Sport & Auto
- About Future
- Digital Future
- Cookies Policy
- Terms & Conditions
- Investor Relations
- Contact Future
What happens in Vegas… we share
Aero-vent balance, MIPS and bright shells all trending updwards
Patriotic paint, progressive features and prototype Zipp wheels
From new-school Assos to old-school Italian to a new custom SpeedShop Program
Three riders' anti-doping controls during the Giro d'Italia have resulted in 'non-negative'...
Three riders' anti-doping controls during the Giro d'Italia have resulted in 'non-negative' according to La Gazzetta dello Sport. The Italian Grand Tour was one of the most open races in years, blighted briefly by Aketza Peña's nandrolone result and, now, the news of these three cyclists, of which one is Spanish and two are Italian. Counter-analysis is pending and the UCI has yet to confirm the findings.
The top-classification men seem to be out of the suspicion spotlight due to the (unauthorized) CONI controls carried out on May 31, after the stage to Monte Zoncolan.
In the case of the Spaniard, the 'non-negative' is a result of an elevated testosterone level. The Italian Federal Sports Medicine anti-doping laboratory (FMSI) in Rome has sent samples to Barcelona for further verification, pending confirmation from the UCI. The tests would seek to prove, like in the case of Floyd Landis, whether there is evidence of synthetic testosterone.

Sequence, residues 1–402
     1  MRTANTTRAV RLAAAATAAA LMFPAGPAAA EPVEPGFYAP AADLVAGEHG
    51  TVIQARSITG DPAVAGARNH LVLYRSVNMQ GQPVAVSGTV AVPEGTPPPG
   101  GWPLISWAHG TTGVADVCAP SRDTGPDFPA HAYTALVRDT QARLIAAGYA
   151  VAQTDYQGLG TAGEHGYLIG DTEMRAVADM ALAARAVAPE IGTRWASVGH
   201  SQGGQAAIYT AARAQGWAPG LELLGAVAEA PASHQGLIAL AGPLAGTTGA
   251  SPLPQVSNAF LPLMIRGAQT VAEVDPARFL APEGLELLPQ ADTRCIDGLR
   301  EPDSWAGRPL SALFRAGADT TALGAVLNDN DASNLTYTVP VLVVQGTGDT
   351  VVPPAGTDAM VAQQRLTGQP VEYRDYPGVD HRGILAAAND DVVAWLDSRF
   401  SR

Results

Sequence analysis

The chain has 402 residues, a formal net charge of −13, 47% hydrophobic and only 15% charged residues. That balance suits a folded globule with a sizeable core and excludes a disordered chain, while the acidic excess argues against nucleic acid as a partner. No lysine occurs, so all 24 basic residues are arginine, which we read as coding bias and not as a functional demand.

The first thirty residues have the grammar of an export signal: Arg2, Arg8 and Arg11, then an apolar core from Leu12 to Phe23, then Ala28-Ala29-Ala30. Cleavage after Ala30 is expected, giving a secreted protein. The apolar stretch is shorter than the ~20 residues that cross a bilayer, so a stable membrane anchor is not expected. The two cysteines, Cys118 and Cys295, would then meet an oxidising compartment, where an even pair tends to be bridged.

The two Italians' results stemmed from the presence of Salbutamol. The substance usually found in drugs used to control asthma but in the case of the two Italians, the dose was over the 1000 nanograms per millilitre limit.
The Italians could in fact have a special dispensation from their doctors for the use of excess Salbutamol but for one of the two La Gazzetta dello Sport reported that the level is high enough not to support a therapeutic use. Controversially, medical certifications permit the use of Salbutamol above the 1000 limit with no upper end. The outcome for the two Italians could be similar to Igor González de Galdeano's case in the 2002 Tour de France. The Basque registered a reading of 1360 nanograms but the UCI did not count this as a 'positive' and it allowed him to continue racing.
Cyclingnews will report on the case as it unfolds.